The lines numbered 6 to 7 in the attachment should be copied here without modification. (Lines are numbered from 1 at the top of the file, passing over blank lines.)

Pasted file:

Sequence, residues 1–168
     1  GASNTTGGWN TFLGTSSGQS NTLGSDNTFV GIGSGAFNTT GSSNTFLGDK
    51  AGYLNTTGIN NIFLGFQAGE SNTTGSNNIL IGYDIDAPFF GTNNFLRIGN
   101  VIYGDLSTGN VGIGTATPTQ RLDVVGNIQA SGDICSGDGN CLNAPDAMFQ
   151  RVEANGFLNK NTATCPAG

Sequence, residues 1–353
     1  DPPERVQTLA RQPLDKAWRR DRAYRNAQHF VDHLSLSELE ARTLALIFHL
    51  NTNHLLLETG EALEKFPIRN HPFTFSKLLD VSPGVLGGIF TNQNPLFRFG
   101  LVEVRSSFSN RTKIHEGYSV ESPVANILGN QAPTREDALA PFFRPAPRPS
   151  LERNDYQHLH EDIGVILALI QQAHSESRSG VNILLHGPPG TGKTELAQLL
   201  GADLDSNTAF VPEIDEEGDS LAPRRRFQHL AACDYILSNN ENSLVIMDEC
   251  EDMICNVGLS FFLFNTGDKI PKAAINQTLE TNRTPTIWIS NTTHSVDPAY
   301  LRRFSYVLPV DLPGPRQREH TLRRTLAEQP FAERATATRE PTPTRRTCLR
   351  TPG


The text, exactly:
Sequence, residues 1–353
     1  DPPERVQTLA RQPLDKAWRR DRAYRNAQHF VDHLSLSELE ARTLALIFHL